By Simon Mills
It’s been four days and I can’t work out if it feels more like four hours or four years since what happened at Wembley. I seriously considered refusing to write anything this week. I’ve been trying everything I could to block out the pain and memories of the Final. I’m glad that I didn’t, however, because for the first time since I’ve allowed myself to seriously think about ‘that’ game a new emotion has finally taken hold… pride.
If my Maths and homework is right, there was a grand total of 736 clubs that entered the FA Cup this year, dating back to its ‘Extra preliminary round’ drawn on Friday 3rd July last year. 736 and we were runners up! Just try to get your head around those figures for a second. One team was only just better than us in this tournament (a team that needed a replay previously in the tournament and 120 minutes to beat us) compared to 734 teams that fell shorter than we did.
Granted a good 700+ of those play at different levels ranging from a bit lower to a different planet from us, but that should not lessen our achievements any the less. Especially when you take into account our road to Wembley - can anyone boast a tougher route? No less than four Premier League teams and the one outside of it competing at the top end of the Championship! The biggest hurdles the winners faced before the final was an Everton side who greatly underachieved and two efforts to beat an admittedly very good West Ham team.
I said before the final that if our players all turned up and everyone put in a top performance than I genuinely felt we wouldn’t be stopped. Sadly, that didn’t happen. It’s a big ask on final day, sometimes it happens and unfortunately for us on that day it didn’t.
The players still wore their hearts on their sleeves though, just one look at their faces come the final whistle demonstrates just how much it meant to them. I just pray that these lads get another chance to play in such a showpiece and they get to do it together wearing red and blue. I certainly fancy the hurt from the weekend to make them unstoppable if they do.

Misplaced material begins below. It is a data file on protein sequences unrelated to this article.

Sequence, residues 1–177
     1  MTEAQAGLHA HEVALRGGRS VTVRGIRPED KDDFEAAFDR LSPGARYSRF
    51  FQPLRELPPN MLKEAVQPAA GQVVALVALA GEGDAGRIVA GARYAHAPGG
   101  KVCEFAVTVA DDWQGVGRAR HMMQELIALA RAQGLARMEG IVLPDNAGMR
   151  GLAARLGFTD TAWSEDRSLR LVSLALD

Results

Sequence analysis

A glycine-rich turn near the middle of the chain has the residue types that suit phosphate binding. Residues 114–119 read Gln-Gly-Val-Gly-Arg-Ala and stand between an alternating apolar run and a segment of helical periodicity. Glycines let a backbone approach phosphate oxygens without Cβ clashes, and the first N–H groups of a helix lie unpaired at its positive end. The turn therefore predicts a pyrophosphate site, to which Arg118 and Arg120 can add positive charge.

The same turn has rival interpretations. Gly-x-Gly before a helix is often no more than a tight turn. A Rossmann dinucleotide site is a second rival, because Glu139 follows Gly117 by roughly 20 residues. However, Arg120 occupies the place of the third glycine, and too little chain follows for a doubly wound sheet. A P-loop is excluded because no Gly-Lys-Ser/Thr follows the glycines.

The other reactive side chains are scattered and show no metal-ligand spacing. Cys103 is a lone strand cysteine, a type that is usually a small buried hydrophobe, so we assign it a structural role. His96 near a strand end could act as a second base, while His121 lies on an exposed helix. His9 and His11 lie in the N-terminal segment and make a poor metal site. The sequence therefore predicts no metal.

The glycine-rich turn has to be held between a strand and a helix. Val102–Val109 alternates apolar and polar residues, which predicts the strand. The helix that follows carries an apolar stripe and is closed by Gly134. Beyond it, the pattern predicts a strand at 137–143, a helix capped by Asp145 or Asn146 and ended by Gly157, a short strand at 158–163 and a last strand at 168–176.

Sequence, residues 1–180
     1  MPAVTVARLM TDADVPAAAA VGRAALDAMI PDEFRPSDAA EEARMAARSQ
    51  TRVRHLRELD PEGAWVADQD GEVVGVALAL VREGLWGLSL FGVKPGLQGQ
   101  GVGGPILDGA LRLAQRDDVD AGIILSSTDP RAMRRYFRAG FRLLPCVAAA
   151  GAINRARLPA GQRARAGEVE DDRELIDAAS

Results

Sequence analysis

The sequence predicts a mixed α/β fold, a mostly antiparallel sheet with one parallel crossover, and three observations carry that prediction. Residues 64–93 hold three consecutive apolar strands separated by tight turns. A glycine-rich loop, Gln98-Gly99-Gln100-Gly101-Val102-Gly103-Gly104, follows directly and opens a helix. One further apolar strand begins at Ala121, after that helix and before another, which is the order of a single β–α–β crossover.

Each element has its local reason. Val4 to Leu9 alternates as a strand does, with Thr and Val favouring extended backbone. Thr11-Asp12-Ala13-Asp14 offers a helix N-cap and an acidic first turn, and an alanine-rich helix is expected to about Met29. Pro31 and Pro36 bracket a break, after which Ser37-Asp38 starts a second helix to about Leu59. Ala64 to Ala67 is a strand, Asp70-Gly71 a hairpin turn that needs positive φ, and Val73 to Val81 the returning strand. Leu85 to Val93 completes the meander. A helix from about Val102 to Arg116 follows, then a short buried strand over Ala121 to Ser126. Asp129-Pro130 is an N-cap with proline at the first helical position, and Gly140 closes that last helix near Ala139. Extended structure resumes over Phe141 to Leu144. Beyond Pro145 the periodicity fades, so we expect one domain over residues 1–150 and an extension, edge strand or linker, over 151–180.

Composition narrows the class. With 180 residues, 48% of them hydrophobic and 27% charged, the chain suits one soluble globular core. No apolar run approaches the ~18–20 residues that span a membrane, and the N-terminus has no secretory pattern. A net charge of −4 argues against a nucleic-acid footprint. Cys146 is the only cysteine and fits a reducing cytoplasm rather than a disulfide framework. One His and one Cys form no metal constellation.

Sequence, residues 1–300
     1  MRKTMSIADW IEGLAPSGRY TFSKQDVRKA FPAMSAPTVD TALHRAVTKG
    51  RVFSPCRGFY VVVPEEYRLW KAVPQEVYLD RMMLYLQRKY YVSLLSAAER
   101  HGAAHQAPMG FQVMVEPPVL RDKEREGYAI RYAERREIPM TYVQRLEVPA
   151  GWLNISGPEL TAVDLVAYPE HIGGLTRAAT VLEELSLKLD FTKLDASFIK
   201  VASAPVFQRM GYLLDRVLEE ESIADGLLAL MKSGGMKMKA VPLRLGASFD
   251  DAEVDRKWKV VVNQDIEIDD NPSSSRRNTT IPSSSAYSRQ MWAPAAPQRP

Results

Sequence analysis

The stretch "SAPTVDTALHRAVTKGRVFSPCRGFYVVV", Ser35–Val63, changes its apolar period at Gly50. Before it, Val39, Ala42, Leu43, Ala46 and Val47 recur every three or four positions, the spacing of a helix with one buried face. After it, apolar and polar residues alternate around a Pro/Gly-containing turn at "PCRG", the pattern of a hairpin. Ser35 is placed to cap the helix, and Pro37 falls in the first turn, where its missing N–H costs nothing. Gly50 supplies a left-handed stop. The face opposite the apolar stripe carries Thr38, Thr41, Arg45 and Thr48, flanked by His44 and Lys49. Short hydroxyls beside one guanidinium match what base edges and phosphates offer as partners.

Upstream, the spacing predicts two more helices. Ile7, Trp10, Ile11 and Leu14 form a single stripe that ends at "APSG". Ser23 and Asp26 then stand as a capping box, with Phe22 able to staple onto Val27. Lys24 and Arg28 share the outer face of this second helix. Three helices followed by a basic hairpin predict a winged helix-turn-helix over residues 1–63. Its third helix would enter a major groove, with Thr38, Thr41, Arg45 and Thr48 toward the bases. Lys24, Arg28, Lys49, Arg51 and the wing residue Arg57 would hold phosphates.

In the stands we had a job to do and we certainly did it. I couldn’t be more proud of the efforts of the supporters in the Palace end, singing their hearts out and turning North London into a sea of red and blue on Cup Final day. It sums up this club that when the game was over and despite the pain that was clear for anyone to see, there were just as many Palace fans still standing to applaud their team into the royal box as there were when United took their turn.
We are a special club, I don’t doubt that most United fans would have enjoyed that game for a couple of hours longer on Saturday, but I also bet the biggest discussion was about the future of Van Gaal with the news already emerging that he was out the door. Believe it or not, I’m not trying to be critical or attack Man United for this. It’s simply that, despite winning the Cup, this season is still considered a failure (their manager’s fate demonstrates this). We Palace fans know the outcome will stick in our minds forever, because that’s how much it means to us.
United will have another chance to win something sooner rather than later. With Mourinho rocking up this week, chances are it will be a dramatic failure if that doesn’t come next season. For us, it was 26 years in the making and while I honestly don’t think it will be, we will all be praying it’s not quite as long before we are back to finally get that trophy this club and its history truly deserve.
For now, stay true. It hurts, but that’s why Palace is so special. I wouldn’t trade this hurt and emotion for all the trophies that United, City, Chelsea etc. will win in a thousand years – it’s what makes it worth it and it’s what makes days like that all the more incredible: win or lose.
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